Exped Ultra 5R Sleeping Mat | Review - Outdoors Magic

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Exped Ultra 5R Sleeping Mat | Review

A light and warm sleeping mat that gives a comfy night’s sleep through all four seasons

Exped have been making sleeping mats for quite some time. Since 1997 in fact – that’s when they produced their first ever self-inflating model. Today, their sleeping mat collection is not only expansive but also very good. We’ve tested a lot of their range, including the SynMat Basic 7.5, the Synmat UL 7, the FlexMat and more and we’ve always been left impressed.

This, the Exped Ultra 5R might be our favourite so far. It’s a winter sleeping mat that provides an impressive amount of insulation, that’s easy to inflate and deflate and that’s light and packable to boot. 

Pros: Comfortable and stable, excellent warmth-to-weight
Cons: Not a winter mat for those who sleep cold, quite expensive

OM editor Will using the mat in Ryvoan Bothy, Scotland. Photos: Dave Macfarlane

The Ultra 5R is available in three mummy and three rectangular sizes, including a regular width, a wide width and as a long and wide pad. So much choice. We tested out the rectangular, medium model.


This has vertical baffles and while this type of construction might make it look like a swimming pool lilo, it brings a lot of stability, particularly at the edges. If you move around a bit at night, this type of construction will suit you.

“It stays nice and quiet when you move around on it.”

It’s inflated via airflow through a one-way valve. Where this airflow comes from is up to you, you can either blow into it (if you’ve got the lungs for it) or you can use the pump sack that comes with it. Handily, the pump sack is waterproof and is designed to double as the sleeping mat’s stuff sack – you do get a more conventional stuff sack with it though as well. To deflate it, you simply open up the ‘out’ valve and Bob’s your uncle. 

Packed up, it’s reasonably small. There are lighter and more compact mats out there, but not many (if any) we can think of with the winter warmth this one has.


The shell is made from a recycled 20D ripstop nylon. This feels quite tough but, as with all mats, you don’t want to bash this thing around too much. Inside, there’s 160 g/m³of Exped’s own specially-developed microfiber insulation which is bonded to the top and bottom of each baffle. The bond, Exped say, is specifically designed to prevent bacteria growth, so, if you blow into the mat, the moisture in your breath won’t cause the insulation to get all nasty. Also, because this doesn’t use an internal heat reflecting film like you’ll see in a lot of insulated mats, it stays nice and quiet when you move around on it – you don’t get that crinkly sound.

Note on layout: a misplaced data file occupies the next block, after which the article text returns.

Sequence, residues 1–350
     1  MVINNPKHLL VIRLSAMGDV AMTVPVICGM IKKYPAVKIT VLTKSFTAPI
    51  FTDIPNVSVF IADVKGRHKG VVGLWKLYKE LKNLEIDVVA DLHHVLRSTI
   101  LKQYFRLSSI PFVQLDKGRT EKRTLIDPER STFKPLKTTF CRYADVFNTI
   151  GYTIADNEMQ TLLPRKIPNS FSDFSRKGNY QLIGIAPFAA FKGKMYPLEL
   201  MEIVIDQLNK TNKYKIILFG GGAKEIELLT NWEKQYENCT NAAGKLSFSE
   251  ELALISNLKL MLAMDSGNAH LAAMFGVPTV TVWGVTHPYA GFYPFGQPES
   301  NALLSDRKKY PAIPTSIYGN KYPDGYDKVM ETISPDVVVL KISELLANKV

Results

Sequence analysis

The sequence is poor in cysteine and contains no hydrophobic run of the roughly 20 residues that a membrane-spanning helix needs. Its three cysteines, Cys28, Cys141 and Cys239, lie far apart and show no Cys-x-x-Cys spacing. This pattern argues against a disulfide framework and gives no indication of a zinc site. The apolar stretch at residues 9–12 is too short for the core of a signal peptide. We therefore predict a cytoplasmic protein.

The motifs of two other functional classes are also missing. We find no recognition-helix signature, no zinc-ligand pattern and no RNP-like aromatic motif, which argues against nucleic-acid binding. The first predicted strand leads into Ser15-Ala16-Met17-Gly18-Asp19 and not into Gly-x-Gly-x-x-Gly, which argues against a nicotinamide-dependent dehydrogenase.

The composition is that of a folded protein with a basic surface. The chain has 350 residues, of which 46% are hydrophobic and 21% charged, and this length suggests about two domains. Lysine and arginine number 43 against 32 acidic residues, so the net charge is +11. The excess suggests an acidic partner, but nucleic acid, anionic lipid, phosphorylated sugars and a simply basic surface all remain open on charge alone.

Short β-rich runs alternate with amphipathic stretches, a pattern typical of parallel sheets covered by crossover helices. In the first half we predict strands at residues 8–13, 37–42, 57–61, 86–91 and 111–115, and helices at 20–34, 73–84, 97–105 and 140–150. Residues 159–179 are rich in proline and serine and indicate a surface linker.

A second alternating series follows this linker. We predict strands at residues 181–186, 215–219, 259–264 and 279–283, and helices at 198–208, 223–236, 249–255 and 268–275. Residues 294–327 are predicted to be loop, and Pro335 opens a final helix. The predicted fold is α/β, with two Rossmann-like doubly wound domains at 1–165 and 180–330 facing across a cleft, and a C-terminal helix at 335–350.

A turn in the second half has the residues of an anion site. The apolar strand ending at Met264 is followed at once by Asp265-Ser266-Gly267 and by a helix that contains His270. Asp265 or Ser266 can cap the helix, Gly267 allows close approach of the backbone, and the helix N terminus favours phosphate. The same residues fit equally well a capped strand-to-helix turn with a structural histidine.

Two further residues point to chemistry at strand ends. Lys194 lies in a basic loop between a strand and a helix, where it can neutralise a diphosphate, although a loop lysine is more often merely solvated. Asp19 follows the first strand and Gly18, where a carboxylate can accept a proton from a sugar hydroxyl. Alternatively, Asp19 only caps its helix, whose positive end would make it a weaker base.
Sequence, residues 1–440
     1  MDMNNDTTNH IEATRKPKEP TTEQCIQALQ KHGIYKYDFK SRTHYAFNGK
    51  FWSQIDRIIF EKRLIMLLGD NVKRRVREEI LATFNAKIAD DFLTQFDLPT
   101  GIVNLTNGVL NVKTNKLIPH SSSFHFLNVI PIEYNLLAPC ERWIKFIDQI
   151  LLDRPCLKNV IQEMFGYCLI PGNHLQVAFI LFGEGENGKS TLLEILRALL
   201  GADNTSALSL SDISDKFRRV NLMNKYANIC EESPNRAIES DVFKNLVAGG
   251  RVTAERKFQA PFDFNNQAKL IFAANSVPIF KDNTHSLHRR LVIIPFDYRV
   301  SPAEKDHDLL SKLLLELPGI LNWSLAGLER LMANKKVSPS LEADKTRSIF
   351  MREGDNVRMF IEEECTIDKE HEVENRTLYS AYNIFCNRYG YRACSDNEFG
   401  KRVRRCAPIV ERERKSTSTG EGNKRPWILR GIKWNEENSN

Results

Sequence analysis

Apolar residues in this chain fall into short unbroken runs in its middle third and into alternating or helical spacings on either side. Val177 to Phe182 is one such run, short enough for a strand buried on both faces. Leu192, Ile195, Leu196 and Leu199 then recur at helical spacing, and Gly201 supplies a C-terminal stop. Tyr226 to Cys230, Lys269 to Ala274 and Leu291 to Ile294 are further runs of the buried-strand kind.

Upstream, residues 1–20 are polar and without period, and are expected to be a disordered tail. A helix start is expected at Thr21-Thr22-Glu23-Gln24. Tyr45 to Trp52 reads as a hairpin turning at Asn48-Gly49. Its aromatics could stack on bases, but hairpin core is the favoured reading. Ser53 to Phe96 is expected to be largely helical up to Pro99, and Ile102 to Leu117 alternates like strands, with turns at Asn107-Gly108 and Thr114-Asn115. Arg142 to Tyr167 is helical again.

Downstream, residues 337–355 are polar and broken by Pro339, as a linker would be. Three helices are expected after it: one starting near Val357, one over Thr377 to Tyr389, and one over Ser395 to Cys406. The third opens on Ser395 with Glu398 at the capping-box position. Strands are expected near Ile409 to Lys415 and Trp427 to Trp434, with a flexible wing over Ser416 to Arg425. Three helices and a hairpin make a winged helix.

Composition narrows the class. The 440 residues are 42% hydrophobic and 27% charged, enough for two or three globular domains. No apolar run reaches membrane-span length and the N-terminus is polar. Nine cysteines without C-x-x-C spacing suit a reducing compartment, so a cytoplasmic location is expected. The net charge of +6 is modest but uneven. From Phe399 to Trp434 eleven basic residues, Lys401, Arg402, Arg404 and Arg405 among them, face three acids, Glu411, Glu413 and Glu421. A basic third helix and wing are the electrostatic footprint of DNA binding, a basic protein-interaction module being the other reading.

This insulation gives the mat and R-value of 4.8. While there are higher R-values out there, it’s still a good number, especially for a mat as packable and light as this. It makes it good for winter use down to zero degrees fahrenheit (-18C).

This is a bit of a tangent but it should be interesting information nonetheless. It’s the story of where the R-value came from. You see, Exped were one of the earliest adopters of the grading system. They picked it up as a way to quantify and communicate the insulation properties of their products to their customers and, by doing so, they contributed to an industry-wide shift towards using R-values as a standardised measurement for sleeping mat insulation. This change made it easier for outdoor enthusiasts to make informed decisions about their gear, taking into account the specific conditions they would encounter on their adventures.

Tester’s Verdict

Will Renwick, editor of Outdoors Magic

I used to not give a hoot about what sleeping mat I slept on. If I wasn’t on the cold hard ground then I was happy. This year, however, something strange happened. I’ve suddenly become fussy. Why this is, I couldn’t tell you.

I used to be more than happy on my ultralight Therm-a-rest NeoAir Uberlite, but now I find it too uncomfortable. Maybe I’m getting old. Anyway, this mat from Exped is one that I’ve found I’m happy on. I think it’s a combination of its depth, stability and the big platform that the rectangle cut provides.

Other aspects I’ve liked include the non-slip texture to the topside and the fact it doesn’t rustle at all – it gives a super quiet night’s sleep to you and your tent companion.

Despite the Exped Ultra 5R’s large volume, I found the pump bag makes it really quick and easy to deflate. You just need about 6 or so squeezes of the pump bag and then one or two puffs through your cheeks to fine tune the firmness to your needs. There are pump bag inflated sleeping mats that I’ve used in the past that have been frustratingly difficult to use and slow to inflate – luckily this one is a breeze to inflate.

I haven’t used this in very cold conditions yet but from what I’ve experienced so far and what I’ve read, most people should find this warm enough for a cold UK winter. It should probably be regarded as a three-season mat if you tend to really feel the cold though.

Exped Ultra 5R

Selected for the Outdoor 100 Winter 23/24
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